Who Will Support the Reform of Jewish Supplementary Schools?

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March 1, 2002
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By David Schoem

In “Rethinking and Redesigning the Religious School,” Isa Aron and her colleagues describe a series of sensible, innovative, and high-quality approaches to Jewish education. Their multifaceted approach to improving supplementary Jewish schools, one that engages Jews in the life of their Jewish community, is right on target. It is clear that as congregations and other Jewish communal institutions are revitalized, so too will Jewish supplementary schools.

I sincerely hope that the organized Jewish community moves ahead with Ms. Aron’s recommendations. But I find it difficult to share her confidence that today’s “Jewish community leaders… cannot avoid dealing with congregational education.” In fact, Jewish community leaders have a long history of doing just that – successfully avoiding supplementary Jewish schooling. A flurry of in-depth research studies nearly twenty-five years ago pointed quite clearly to the issues of identity and community underlying the poor quality of these schools. Yet, despite those and subsequent studies, the organized Jewish community has shown little sustained interest or commitment to improving Jewish supplementary schools over the past quarter century.

The ideal of the Jewish supplementary school, as set forth by the early and influential leaders of Jewish education and Jewish life in America, including Isaac Berkson, Alexander Dushkin, and Horace Kallen, was to balance the dual identity and dual consciousness of Jewish Americans. Jewish children would learn the ways of secular American life through public education and sustain their Jewish knowledge, culture, and religion through the supplementary school.

The majority of Jewish families hold true to this ideal, as evidenced by their continued attendance at such schools. And this ideal is as important today as it was throughout the 20th century. The American Jewish community depends upon a strong, diverse democracy and needs to contribute to the strengthening of public education and the public good of all Americans to maintain the sense of safety and support that Jews in this country enjoy.

At the same time, the concerns raised about Jewish identity and continuity since the 1990 National Jewish Population Study are very real and should not be minimized. How we maintain our Jewish identity while thriving in a pluralistic America is an exceedingly difficult challenge. It requires enduring commitment, support, and creativity from everyone in the organized Jewish community.

Unfortunately, the organized Jewish community has had a single-minded emphasis on Jewish day schools as the educational response to Jewish continuity concerns. While day schools certainly offer an environment for in-depth Jewish studies, they also bring their own set of problems. In my classes at the University of Michigan, for instance, students who have attended Jewish high schools typically are among the most intellectually parochial and socially inexperienced. They rarely have met people who are not Jewish, they are filled with stereotypes about non-Jews, and they are fearful of social contact with people of color.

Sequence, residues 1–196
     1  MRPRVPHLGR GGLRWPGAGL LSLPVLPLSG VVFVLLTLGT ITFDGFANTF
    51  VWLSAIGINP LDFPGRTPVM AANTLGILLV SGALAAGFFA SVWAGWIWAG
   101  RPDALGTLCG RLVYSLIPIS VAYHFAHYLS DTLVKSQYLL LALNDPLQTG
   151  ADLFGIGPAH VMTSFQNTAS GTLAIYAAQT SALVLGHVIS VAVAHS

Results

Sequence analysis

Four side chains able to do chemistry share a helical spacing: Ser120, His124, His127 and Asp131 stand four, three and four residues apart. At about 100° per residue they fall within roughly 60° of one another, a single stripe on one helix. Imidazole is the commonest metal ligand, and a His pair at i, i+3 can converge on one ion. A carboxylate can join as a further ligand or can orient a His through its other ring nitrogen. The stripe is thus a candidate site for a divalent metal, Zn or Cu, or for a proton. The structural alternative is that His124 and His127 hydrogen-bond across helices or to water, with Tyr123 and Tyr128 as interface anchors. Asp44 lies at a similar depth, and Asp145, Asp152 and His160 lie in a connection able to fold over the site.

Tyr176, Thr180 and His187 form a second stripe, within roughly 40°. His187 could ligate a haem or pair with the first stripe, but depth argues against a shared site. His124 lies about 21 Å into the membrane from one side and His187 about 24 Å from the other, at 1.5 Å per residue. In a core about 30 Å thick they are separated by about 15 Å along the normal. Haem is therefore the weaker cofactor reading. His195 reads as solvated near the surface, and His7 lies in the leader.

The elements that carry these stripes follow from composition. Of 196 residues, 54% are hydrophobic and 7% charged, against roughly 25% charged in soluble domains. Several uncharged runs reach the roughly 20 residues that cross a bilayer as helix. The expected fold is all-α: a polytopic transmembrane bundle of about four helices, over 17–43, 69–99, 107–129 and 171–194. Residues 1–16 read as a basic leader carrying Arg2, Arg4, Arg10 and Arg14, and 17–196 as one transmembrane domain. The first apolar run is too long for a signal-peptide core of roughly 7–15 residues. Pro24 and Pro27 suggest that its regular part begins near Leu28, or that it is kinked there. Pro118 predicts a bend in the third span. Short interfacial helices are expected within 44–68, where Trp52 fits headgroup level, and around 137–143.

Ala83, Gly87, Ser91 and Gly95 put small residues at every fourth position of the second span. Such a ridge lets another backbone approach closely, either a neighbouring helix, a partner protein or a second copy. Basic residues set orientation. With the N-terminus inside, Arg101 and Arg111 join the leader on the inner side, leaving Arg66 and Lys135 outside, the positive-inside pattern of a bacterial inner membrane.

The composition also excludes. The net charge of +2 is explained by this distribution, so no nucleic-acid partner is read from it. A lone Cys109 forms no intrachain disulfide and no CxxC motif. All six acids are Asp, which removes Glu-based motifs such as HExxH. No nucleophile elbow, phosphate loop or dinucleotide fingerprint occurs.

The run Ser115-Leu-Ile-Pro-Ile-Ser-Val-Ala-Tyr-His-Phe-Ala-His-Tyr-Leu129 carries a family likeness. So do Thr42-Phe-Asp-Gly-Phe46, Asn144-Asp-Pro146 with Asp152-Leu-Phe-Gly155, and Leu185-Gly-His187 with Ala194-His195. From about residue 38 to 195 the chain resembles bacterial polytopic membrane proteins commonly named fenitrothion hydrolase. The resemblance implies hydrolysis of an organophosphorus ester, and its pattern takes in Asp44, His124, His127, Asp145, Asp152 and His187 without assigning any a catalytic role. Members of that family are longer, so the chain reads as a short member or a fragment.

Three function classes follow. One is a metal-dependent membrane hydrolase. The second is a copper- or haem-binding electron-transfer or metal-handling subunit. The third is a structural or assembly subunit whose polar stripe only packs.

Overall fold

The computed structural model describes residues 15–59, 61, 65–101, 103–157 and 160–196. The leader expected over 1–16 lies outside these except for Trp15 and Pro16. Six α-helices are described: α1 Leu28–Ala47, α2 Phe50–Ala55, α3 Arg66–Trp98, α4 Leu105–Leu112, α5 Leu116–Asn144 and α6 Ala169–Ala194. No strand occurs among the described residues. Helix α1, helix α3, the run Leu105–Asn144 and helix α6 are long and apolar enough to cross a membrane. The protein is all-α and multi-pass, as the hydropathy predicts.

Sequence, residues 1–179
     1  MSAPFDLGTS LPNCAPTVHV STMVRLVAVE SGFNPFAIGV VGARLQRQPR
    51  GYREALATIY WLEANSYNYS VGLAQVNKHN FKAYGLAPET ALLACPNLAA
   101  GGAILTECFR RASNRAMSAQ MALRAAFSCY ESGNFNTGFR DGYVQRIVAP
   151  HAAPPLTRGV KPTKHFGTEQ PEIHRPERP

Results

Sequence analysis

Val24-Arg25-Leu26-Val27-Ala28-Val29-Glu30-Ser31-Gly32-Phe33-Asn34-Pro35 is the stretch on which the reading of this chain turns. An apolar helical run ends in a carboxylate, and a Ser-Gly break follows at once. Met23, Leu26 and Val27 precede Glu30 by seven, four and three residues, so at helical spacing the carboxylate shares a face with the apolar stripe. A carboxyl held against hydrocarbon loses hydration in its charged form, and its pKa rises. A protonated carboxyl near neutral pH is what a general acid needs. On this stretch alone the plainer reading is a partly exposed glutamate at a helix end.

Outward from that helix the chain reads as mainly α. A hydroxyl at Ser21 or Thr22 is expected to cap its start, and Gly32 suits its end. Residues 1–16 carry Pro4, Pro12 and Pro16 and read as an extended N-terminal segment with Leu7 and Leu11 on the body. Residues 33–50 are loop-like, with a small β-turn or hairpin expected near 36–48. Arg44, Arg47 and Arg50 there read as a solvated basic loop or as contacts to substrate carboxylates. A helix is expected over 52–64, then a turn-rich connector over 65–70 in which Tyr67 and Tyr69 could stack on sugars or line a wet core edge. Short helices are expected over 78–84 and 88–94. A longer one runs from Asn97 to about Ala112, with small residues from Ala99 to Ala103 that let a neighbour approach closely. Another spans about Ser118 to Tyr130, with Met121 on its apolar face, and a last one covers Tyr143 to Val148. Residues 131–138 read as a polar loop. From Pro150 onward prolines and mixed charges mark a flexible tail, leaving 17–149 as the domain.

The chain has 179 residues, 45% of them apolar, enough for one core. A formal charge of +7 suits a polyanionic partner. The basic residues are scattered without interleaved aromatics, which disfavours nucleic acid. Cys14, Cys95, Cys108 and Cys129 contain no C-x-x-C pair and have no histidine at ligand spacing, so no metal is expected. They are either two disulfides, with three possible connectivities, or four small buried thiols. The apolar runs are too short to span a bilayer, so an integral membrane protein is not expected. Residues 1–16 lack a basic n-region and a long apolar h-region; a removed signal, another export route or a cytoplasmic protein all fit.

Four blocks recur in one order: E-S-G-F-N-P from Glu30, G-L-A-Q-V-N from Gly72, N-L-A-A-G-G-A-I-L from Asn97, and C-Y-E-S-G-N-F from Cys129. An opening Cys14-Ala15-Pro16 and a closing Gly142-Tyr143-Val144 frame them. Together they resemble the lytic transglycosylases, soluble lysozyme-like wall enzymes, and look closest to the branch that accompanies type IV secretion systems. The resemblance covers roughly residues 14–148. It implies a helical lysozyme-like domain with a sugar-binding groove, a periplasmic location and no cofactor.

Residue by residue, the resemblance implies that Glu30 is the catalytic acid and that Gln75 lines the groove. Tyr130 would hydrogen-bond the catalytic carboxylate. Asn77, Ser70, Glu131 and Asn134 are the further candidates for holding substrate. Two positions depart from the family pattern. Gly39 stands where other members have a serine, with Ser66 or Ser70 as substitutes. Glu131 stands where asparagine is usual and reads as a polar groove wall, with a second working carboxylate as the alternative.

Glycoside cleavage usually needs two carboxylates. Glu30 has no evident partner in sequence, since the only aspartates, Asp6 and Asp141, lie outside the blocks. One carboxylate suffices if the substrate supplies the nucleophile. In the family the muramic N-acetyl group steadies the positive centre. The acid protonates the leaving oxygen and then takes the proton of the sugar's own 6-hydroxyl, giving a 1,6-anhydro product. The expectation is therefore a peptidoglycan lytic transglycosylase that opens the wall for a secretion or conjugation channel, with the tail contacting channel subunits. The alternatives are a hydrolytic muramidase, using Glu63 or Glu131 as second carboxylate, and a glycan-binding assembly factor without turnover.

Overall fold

Unlike Aron, I am less than certain that the neglect of afternoon schools in the past twenty years was “benign.” Many Jewish leaders adopted the hyperbolic and divisive language delineating those Jews who were at the “core” of the community (read: those who send their children to day schools) and those who were peripheral (read: those who send their children to supplementary schools or to no Jewish schools at all).

Not only did congregational schools become the pariahs of the community, but even the Jewish parents and their children who attended these schools – representing the majority of the Jewish community – were seemingly discarded as irrelevant to the continuity and survival of American Jewry. Can anyone expect Jewish congregational schools to be successful when their congregational rabbis and Jewish education directors send their own kids to day schools and look upon those involved in congregational supplementary schools (their own congregants) as the margins of the community?

The organized Jewish community must urgently reconsider its lack of support for both supplementary schooling and for those large numbers of Jews who place their Jewish futures there. Aron, Lee, and Weinberg’s specific five models are excellent, touching on adults and children, day care, Shabbat havurot, camping, and community events. But, as the authors themselves acknowledge, these need not be the only models. Their point, rather, is that with the support of the organized Jewish community, supplementary schools can break out of the stale and failed approach that we all know too well and respond by building a bright educational future for Jewish children living in a pluralistic America.

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David Schoem teaches the Sociology of the American Jewish Community at the University of Michigan. His newest book is Intergroup Dialogue: Deliberative Democracy in School, College, Community and Workplace. He is also the author of Ethnic Survival in America: An Ethnography of a Jewish Afternoon School.

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